FILE - Gary and Matt Percy

Brothers Gary and Matt Percy walk their land in Canton Township, Michigan

Canton Township government harassed two Michigan brothers and their businesses after the brothers made public their complaints about a local ordinance and what they considered an excessive fine, a new lawsuit claims.

Gary and Matt Percy – the two business owners – were fined $450,000 last year by Canton Township for removing trees from their own property without the township's permission.

The Center Square, formerly Watchdog.org, published news stories documenting the brothers' criticism of the fine and ordinance. The brothers also discussed their concerns with state Sen. Tom Casperson, R-Escanaba, who filed a bill to address the tree removal ordinance. Casperson's measure passed the Senate, but did not get out of committee in the House.

The brothers' story soon gained national media attention.

The new lawsuit, filed against Canton Township by the Texas Public Policy Foundation, claims township officials have since harassed and retaliated against the Percys after they challenged the tree removal ordinance.

According to the lawsuit, the township started targeting the brothers’ other businesses on issues that were not related to the initial tree removal fine. The township brought environmental complaints that were later dismissed, and then repeatedly sent code officers to inspect the brothers’ trucking business, the lawsuit states.

The code officers now claim that three buildings owned by the brothers never received proper occupancy certificates.

According to the lawsuit, the buildings have been in constant use for the past 25 years and they passed every inspection. Additionally, the brothers never were told that the buildings lacked necessary permits. Their company employs about 700 people.

“Usually when you file a civil rights lawsuit, these sorts of bully tactics stop,” TPPF Attorney Chance Weldon said in a statement. “Here, the [t]ownship doubled down and started sending various code enforcement officers to the [Percys’] other businesses, just to hassle the brothers.”

The new lawsuit cites email correspondence with the township’s attorney as evidence the township intended to target the brothers.

In an email to the brothers’ lawyer, Michael Pattwell, township lawyer Kristin Bricker Kolb accused the brothers’ lawyers of “taking steps to try and apply political/public opinion pressure rather than working this out between the parties.”

The lawsuit says the "political/public opinion pressure" is in reference to a reporter from the Franklin Center for Government & Public Integrity, now the Franklin News Foundation, investigating the brothers' complaints. The Center Square is a project of the Franklin News Foundation.

Kolb's email then said, “it is becoming clearer that these matters will not be resolved without a fight,” according to the lawsuit.

"Canton made good on its threat," the lawsuit claims, "by: 1) calling in environmental complaints against the Percy Brothers with state and county agencies (all of which were resolved or dismissed by the agencies); 2) falsely telling reporters that the Percy Brothers had been convicted of stealing water twenty years prior; and 3) repeatedly sending code enforcement officers to the Percy Brothers’ other businesses in search of other possible code violations unrelated to the initial notice of violation under the Tree Ordinance regarding tree removal from the Percy Brothers’ property."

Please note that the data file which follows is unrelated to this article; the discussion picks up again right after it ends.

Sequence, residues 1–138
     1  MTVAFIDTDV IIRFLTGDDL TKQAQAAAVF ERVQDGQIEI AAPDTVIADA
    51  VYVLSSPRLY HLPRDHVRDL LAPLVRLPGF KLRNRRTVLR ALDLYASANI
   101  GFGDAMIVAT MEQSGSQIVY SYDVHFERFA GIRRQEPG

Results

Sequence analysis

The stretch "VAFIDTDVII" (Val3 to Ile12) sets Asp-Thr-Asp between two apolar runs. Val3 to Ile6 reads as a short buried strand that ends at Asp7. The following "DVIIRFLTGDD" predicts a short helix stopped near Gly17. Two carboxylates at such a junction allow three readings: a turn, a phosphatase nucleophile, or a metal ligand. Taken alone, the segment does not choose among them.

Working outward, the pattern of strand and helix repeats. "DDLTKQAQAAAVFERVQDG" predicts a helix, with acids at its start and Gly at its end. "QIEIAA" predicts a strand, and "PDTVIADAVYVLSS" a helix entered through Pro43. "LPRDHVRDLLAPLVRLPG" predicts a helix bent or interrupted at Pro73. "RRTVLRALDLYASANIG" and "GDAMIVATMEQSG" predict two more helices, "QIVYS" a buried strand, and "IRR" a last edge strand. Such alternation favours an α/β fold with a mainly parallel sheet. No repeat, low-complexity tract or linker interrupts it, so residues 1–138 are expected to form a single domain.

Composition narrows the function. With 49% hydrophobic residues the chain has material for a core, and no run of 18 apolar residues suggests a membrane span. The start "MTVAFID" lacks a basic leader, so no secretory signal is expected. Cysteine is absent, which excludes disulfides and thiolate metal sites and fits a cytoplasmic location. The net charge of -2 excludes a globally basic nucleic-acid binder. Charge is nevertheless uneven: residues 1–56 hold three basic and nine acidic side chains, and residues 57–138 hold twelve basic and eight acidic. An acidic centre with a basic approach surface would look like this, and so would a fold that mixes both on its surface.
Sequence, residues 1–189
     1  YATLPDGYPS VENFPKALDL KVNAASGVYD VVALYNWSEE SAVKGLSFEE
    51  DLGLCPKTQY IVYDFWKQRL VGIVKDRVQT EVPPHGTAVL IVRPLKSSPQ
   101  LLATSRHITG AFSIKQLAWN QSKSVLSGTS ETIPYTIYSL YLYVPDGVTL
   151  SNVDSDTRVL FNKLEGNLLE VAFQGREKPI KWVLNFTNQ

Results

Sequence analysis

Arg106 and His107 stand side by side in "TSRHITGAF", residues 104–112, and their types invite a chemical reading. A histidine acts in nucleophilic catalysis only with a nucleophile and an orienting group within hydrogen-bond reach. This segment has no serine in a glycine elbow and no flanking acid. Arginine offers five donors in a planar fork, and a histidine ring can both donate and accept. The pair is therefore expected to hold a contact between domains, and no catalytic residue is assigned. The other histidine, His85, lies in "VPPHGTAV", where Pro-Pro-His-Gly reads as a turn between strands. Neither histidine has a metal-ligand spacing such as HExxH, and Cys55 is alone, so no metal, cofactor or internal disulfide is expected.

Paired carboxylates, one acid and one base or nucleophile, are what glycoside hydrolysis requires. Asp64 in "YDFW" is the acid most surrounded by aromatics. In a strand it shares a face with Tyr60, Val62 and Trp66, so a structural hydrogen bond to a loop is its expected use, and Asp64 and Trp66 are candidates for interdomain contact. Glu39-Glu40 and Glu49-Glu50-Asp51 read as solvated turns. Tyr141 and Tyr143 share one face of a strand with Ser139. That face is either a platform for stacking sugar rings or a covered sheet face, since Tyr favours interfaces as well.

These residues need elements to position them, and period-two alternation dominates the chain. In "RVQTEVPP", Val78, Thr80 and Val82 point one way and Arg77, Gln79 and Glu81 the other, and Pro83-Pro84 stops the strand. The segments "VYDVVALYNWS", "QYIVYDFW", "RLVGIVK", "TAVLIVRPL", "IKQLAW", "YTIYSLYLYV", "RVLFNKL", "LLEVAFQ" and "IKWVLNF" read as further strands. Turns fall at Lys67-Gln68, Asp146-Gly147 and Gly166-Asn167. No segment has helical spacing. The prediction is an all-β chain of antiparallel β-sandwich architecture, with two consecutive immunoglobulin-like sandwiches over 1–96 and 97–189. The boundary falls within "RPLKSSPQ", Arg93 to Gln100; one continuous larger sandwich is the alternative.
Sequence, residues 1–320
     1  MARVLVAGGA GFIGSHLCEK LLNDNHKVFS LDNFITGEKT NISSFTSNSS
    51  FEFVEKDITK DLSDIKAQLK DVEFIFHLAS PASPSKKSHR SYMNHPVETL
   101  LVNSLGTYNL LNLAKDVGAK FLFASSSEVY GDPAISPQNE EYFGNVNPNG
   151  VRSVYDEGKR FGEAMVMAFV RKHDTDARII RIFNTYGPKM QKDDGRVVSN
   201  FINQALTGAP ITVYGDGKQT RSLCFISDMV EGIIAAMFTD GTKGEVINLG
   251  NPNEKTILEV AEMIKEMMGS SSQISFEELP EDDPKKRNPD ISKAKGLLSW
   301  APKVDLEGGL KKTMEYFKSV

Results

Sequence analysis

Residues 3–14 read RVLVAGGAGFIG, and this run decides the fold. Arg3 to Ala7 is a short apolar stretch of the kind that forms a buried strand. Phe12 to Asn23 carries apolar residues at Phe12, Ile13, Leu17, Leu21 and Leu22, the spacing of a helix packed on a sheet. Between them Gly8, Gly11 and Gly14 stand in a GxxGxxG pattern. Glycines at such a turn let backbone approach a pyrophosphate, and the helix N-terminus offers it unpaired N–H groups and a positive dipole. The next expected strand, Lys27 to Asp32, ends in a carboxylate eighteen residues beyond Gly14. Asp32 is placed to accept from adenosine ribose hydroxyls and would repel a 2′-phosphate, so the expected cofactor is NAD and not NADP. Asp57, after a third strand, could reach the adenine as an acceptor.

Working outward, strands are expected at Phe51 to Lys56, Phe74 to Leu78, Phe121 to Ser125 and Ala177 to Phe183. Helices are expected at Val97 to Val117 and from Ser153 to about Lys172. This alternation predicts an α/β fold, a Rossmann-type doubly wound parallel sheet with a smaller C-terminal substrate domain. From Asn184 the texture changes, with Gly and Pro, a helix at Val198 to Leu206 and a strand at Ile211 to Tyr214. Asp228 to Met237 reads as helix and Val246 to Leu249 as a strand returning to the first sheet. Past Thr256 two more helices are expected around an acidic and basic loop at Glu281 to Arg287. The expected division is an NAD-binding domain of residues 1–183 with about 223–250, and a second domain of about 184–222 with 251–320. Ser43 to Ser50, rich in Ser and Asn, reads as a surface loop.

Canton Township officials, contacted Thursday by The Center Square, declined to comment.

"Neither Canton Township nor any of the individual defendants have been served with the lawsuit yet," Kolb said in an email. "I cannot comment on something the Township has not been served with."

In other emails between attorneys for the township and the Percys, identified in the lawsuit, Kolb said the township received multiple threatening and harassing phone calls and emails after the media attention and that her family had to be put on police special enforcement detail to ensure safety. She then said that although this may not have been the intention of the Percy brothers’ lawyers, that “perhaps it was.”

Pattwell responded to the email, calling the accusation unwarranted and unhelpful and said the Percy brothers’ disagreement is a legal issue, not a personal one.

“The right to criticize government and the right to file constitutional claims against the government form the very core of the First Amendment’s protections of the freedom of speech and the right to petition,” the lawsuit argues. “Defendants may not attempt to punish plaintiffs for seeking to exercise and defend their core constitutional rights. Relief from this Court is necessary to prevent this pattern and practice of harassment from continuing.”

The ordinance that the two brothers spoke out against prohibited the removal of trees on private property without a government-issued permit. It levied fines up to $450 for each tree removed. The township used an adjacent property to estimate how many trees the brothers removed. The township initially assessed a fine of about $700,000, but then reduced it to $450,000.

The Percy brothers argued that the trees were all invasive species that needed to be removed to start a Christmas tree farm on the property, and that they thought they had an agricultural exemption.

The ordinance defines a tree as any woody plant that has a defined stem with a three inch diameter at chest height.

The lawsuit seeks to prevent the township from targeting the Percy Brothers’ businesses.

Reporter

Tyler Arnold reports on Virginia, Ohio and Michigan for The Center Square. He previously worked for the Cause of Action Institute and has been published in Business Insider, USA TODAY College, National Review Online and the Washington Free Beacon.